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Today, Federal Communications Commission Chairman Ajit Pai proposed a Declaratory Ruling denying Public Knowledge’s outstanding Petition For Declaratory Ruling after Verizon temporarily blocked NARAL from sending mass text message alerts to its members on legislation impacting reproductive rights.
Public Knowledge asked the FCC to affirm that text messaging was a “telecommunications service” under Title II of the Communications Act, making it illegal for carriers to block messages like NARAL’s (a request subsequently made again by Twilio in 2015). Instead, Chairman Pai will side with wireless carriers and declare text messaging a Title I “information service” on the grounds that allowing carriers to discriminate will help prevent “unwanted” text messages.
In his blog post on Medium describing the proposed item, Chairman Pai not only fails to mention Public Knowledge’s 2007 Petition and Verizon’s deliberate blocking of NARAL, but blatantly mischaracterizes the law by ignoring the FCC’s 2016 Declaratory Ruling authorizing carrier blocking and filtering of spam and robocalls. (The FCC’s official press release does mention the Public Knowledge Petition.)
The following can be attributed to Harold Feld, Senior Vice President at Public Knowledge:
“It wouldn’t be the holiday season without Chairman Pai giving a great big gift basket to corporate special interests at the expense of American consumers. Chairman Pai proposes to grant the wireless industry’s request to classify text messages as Title I ‘information services,’ stripping away vital consumer protections. Worse, Chairman Pai’s action would give carriers unlimited freedom to censor any speech they consider ‘controversial,’ as Verizon did in 2007 when it blocked NARAL and prompted the Public Knowledge 2007 Petition.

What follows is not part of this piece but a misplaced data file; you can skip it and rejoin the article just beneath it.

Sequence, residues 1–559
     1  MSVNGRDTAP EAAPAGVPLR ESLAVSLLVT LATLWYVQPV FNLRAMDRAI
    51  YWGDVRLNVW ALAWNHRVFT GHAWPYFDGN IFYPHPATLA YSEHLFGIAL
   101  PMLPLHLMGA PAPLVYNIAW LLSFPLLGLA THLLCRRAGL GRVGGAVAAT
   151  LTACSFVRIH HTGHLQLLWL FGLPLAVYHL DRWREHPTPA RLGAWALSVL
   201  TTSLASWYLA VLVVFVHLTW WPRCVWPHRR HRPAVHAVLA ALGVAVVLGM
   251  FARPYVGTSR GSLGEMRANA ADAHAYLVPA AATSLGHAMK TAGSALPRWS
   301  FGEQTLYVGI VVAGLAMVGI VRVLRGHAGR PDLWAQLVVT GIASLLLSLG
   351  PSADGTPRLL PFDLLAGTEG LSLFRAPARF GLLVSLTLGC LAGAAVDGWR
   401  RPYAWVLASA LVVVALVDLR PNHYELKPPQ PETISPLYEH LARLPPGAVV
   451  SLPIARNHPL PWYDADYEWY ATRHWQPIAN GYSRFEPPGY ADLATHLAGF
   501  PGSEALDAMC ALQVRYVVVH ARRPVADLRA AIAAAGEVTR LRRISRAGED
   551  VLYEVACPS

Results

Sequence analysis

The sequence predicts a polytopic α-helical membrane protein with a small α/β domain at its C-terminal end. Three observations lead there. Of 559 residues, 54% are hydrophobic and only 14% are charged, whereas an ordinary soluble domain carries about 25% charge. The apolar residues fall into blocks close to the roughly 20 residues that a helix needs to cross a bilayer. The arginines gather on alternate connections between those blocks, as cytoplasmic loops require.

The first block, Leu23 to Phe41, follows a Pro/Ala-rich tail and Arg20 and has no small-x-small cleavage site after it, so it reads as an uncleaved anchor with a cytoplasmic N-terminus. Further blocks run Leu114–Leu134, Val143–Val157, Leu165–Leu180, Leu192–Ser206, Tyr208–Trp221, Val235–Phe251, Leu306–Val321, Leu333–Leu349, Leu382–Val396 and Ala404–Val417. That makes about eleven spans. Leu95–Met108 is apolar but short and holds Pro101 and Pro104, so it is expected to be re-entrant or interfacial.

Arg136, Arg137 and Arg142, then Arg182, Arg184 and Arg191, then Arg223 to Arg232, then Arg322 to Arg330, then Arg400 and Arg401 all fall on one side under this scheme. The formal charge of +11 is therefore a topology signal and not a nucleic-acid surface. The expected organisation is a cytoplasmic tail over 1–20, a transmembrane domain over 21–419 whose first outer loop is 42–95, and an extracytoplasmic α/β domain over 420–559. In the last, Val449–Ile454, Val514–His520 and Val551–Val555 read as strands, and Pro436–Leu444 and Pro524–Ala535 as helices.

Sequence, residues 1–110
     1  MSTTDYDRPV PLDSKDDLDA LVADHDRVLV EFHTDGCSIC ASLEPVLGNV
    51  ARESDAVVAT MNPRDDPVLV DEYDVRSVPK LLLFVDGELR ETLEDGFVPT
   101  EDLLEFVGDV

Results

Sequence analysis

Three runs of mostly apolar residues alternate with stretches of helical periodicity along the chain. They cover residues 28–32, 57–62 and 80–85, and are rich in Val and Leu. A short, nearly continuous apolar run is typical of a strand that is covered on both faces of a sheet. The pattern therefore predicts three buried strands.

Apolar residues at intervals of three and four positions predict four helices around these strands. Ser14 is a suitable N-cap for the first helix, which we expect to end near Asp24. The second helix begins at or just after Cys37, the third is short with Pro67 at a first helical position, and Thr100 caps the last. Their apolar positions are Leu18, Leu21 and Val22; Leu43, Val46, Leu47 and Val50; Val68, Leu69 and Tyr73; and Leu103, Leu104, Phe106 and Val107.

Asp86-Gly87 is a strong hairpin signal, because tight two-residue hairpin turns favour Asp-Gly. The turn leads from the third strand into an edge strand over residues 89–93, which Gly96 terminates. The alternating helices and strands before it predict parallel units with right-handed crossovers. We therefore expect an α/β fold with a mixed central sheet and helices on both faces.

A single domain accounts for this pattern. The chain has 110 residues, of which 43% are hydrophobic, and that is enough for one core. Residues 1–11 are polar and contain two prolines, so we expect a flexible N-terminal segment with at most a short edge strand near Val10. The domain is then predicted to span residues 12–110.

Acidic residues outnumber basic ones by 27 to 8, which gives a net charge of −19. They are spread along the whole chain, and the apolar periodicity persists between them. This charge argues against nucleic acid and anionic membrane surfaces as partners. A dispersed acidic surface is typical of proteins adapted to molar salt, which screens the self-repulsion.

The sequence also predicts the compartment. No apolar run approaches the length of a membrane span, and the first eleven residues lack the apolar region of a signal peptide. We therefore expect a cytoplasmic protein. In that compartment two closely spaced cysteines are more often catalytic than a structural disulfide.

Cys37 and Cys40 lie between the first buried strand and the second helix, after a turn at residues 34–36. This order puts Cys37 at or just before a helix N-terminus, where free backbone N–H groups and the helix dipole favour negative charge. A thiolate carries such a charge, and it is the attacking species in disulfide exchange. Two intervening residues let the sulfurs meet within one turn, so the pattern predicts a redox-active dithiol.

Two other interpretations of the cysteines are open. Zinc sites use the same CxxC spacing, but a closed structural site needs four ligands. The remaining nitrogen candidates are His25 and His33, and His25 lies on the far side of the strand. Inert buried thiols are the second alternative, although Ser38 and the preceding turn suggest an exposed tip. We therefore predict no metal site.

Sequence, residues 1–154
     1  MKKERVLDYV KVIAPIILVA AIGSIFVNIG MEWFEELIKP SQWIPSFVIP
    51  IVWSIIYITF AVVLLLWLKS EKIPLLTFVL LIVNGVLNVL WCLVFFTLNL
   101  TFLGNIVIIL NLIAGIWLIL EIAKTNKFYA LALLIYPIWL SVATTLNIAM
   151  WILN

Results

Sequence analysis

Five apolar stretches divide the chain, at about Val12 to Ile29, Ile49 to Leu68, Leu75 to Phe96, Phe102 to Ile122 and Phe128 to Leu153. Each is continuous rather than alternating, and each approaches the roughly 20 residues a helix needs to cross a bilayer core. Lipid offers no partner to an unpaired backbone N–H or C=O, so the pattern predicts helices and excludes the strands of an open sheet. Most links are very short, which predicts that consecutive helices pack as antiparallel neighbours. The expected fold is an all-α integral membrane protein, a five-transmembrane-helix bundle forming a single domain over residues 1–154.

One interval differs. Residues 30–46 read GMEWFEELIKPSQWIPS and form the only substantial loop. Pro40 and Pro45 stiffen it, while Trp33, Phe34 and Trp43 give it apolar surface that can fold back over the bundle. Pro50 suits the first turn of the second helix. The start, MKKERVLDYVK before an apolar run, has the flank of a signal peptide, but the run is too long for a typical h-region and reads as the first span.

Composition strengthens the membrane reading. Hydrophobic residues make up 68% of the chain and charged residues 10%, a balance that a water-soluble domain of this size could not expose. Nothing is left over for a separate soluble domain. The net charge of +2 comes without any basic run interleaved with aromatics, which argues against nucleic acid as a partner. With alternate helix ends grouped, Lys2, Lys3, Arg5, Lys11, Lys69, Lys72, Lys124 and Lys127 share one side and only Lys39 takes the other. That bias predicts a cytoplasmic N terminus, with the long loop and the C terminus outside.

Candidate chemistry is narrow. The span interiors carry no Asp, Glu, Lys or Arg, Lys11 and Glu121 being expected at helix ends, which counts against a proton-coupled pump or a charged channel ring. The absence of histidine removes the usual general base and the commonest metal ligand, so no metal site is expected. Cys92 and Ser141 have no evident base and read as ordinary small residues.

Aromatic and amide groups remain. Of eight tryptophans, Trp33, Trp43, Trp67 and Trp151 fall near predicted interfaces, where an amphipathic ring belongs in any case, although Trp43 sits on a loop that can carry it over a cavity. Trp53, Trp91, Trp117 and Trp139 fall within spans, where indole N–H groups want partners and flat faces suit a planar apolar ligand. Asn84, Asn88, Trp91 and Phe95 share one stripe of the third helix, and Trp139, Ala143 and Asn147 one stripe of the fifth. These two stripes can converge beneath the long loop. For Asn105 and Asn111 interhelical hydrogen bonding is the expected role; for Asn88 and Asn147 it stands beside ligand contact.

“Chairman Pai supports this outrageous action by claiming the Title II ‘telecommunications service’ classification undermines spam filtering. As the FCC made clear in 2016 (over then-Commissioner Pai’s dissent), text messages and robocalls are both ‘calls’ under the anti-robocall statute, and this Title II designation does not prevent filtering or other technological means to block unwanted robocalls or spam texts. Indeed, Chairman Pai undermines his own argument by pointing out that email, which has always been an information service, has a 50 percent spam rate whereas text messaging, which the FCC treats as a ‘phone call,’ has a 2.5 percent spam rate.”
You may view our 2007 petition requesting the FCC protect the rights of consumers to use text messaging without undue interference from wireless companies.